# What is the most unfair set of three nontransitive dice?

In a set nontransitive dice, each die is superior to another die, but is inferior to a third. It is similar to the game of rock-paper-scissors. Here is one example:

die A has sides: 2, 2, 4, 4, 9, 9
die B has sides: 1, 1, 6, 6, 8, 8
die C has sides: 3, 3, 5, 5, 7, 7


Die A has a 5/9ths chance of rolling a higher number than B, which itself has a 5/9ths chance of rolling a higher number than C, which itself has a 5/9ths chance of rolling a higher number than A. It is a circle with no overall winner.

Suppose there is a simple dice game where one person picks a die from the set of three nontransitive dice. A second person then picks another die from the set. The players then roll their dice, and the person who rolls the higher number wins. If there is a tie, the players simply roll again until there is a winner.

If this game is played with the above set of dice, then the second player will always be able to pick a superior die, and will win the game 5/9ths of the time.

What is one possible set of nontransitive dice that maximizes the unfairness of this game? One additional requirement is that the second player's odds of winning must not be affected by the first player's choice of die.

• – anon
Dec 16, 2012 at 16:52
• @anon I don't really understand the second paragraph of that question, or the answer. Dec 16, 2012 at 16:57
• @anon: Great to see that you're still around -- you might be interested in the answer to this one, too :-) Dec 16, 2012 at 21:29

It turns out that you can do very slightly better than the dice in your example. The probability has to be a multiple of $1/36$, your example has $20/36$, and the best possible value is $21/36=7/12$.

From my answer to the question that anon linked to, we know that the probability of one $6$-sided die beating another while having a lower median can be at most $3/4-1/12=2/3=24/36$. Wikipedia gives an example of a cycle of four dice in which each die beats the next one with this probability.

You're looking for a cycle of three dice in which each die beats the next one with the same probability. Without loss of generality we can assume that the dice carry $18$ different numbers. Then there are $18!/6!^3=17153136$ different sets of dice, so it's well within the reach of our electronic friends to try them all out. Here's code that does that (rather inefficiently). The result is that the maximal probability for such a cycle is $21/36=7/12$ and there are eight different sets of dice that attain that probability. Here they are, with consecutive stretches of numbers collapsed into one as in your example:

0 3 3 3 6 6
2 2 2 5 5 5
1 4 4 4 4 4

0 0 3 3 3 6
2 2 2 2 2 5
1 1 1 4 4 4

0 3 5 5 5 5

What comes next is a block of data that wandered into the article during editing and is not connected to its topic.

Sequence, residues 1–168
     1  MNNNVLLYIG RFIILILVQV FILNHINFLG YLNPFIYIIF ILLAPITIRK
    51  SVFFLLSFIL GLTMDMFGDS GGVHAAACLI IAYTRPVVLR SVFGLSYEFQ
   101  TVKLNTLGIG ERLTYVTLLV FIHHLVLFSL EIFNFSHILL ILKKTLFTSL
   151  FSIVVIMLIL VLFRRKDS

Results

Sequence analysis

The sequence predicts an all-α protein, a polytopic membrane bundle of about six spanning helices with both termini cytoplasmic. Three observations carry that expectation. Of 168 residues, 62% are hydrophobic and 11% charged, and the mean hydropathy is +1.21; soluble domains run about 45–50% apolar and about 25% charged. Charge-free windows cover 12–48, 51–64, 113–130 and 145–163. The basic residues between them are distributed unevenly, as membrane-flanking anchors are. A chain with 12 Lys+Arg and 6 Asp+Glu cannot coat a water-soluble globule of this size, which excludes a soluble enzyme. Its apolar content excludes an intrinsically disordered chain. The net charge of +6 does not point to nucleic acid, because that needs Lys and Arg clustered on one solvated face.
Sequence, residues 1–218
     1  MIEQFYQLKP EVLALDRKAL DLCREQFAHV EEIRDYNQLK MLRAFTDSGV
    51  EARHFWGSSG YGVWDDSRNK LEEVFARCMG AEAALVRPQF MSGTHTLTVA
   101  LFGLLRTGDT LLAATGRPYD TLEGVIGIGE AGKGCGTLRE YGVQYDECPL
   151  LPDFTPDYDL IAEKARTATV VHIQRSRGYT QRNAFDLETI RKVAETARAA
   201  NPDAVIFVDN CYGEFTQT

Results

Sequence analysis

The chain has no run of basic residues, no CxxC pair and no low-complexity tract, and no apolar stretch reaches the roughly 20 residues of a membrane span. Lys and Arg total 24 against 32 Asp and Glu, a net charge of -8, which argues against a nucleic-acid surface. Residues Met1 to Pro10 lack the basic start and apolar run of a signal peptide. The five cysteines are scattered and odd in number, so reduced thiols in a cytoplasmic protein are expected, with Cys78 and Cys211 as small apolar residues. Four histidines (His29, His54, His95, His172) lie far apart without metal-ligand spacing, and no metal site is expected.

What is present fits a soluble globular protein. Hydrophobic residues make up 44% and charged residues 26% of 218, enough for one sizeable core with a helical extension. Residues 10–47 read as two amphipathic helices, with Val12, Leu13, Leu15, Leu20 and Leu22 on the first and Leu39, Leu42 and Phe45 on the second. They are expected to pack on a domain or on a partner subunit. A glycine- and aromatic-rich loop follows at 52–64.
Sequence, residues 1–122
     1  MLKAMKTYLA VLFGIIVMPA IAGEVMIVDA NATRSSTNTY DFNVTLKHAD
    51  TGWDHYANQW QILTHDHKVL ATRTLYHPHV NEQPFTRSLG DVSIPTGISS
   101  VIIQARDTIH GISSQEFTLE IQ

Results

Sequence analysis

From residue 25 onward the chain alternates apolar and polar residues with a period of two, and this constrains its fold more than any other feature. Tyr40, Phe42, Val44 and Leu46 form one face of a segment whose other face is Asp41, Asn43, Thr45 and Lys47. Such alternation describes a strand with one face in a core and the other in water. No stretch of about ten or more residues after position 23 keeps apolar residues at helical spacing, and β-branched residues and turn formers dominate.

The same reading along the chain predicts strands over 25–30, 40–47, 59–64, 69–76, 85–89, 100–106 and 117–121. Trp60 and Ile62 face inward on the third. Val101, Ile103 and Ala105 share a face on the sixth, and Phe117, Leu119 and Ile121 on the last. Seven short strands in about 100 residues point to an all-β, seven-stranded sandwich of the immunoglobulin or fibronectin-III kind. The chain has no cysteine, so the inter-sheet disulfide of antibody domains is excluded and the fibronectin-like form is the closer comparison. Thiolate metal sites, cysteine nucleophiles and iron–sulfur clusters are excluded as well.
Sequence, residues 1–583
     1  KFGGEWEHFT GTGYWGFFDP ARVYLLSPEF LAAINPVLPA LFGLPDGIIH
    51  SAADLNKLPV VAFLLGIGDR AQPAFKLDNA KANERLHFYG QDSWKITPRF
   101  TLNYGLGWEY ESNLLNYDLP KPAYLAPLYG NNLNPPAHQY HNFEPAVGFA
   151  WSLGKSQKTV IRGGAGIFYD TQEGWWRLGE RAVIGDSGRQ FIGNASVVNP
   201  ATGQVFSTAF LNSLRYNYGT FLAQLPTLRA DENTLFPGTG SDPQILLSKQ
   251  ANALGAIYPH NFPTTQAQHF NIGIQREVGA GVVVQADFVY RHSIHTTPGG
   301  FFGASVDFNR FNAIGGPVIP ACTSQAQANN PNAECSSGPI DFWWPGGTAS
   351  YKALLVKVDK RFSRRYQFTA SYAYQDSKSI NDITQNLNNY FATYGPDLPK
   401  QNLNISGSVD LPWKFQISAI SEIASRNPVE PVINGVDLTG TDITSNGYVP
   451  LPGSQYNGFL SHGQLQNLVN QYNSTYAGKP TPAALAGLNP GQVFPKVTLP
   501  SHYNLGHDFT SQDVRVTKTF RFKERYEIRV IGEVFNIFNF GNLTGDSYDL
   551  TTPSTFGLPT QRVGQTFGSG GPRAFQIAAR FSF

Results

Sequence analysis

2 4 4 4 4 7
1 1 1 6 6 6

0 3 5 7 7 7
2 2 4 4 6 9
1 1 1 8 8 8

0 3 3 5 5 5
2 2 2 4 4 7
1 1 1 6 6 6

0 3 5 5 7 7
2 2 2 4 6 9
1 1 1 8 8 8

0 3 3 3 3 5
2 2 2 2 4 7
1 1 1 6 6 6

0 0 3 6 6 6
2 2 2 5 5 5
1 1 1 4 7 7


There are two sets with $7$ different numbers, four sets with $8$ and two with $10$, and your near-optimal example has $9$, whereas the mean number of different numbers after collapsing, averaged over all sets with $18$ different numbers, is $18-17\cdot(5/17)=13$, so consecutive stretches of numbers and thus high collapsibility are a striking feature of these sets.

P.S.: I just realized that there's a symmetry in that you can invert the orders of both the dice and the numbers and get another set with the same probability. The first two sets are related by this symmetry, as are the third and seventh, the fourth and sixth and the fifth and eighth. Thus there are only four really different sets of dice, with $7$, $8$, $10$ and $8$ different numbers, respectively.

• Using numbers 1 4 4 4 4 4, 2 2 2 5 5 5, 3 3 3 3 3 6 has two pairs with 21/36 but one pair has 25/36, so overall has probability is more unfair. Apr 19, 2014 at 10:05
• is the java script that produces these 8 sets really scanning all combinations of any six positive integers for each of the three dice? Nov 7, 2022 at 12:10

If you don't restrict yourself to six sides, the best answer for any number of sides turns out to be one over the golden ratio, $$\frac{\sqrt{5}-1}{2} \approx 0.618$$. This was first answered (as far as I know) in a paper by Stanisław Trybuła from 1961 that deserves to be better known:

Trybuła, S. On the paradox of three random variables. Zastos. Mat. 5 (1960/61), 321–332.

There are some more recent articles, including one by Komisarski from 2021 with nice pictures:

Komisarski, Andrzej (PL-LODZ-PB) Nontransitive random variables and nontransitive dice. Amer. Math. Monthly 128 (2021), no. 5, 423–434. https://www.tandfonline.com/doi/abs/10.1080/00029890.2021.1889921?journalCode=uamm20